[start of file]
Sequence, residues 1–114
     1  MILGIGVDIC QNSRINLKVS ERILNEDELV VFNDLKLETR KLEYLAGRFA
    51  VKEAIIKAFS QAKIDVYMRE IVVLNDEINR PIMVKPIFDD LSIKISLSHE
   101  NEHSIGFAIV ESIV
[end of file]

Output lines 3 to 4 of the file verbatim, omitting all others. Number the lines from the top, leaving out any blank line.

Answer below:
    51  VKEAIIKAFS QAKIDVYMRE IVVLNDEINR PIMVKPIFDD LSIKISLSHE
   101  NEHSIGFAIV ESIV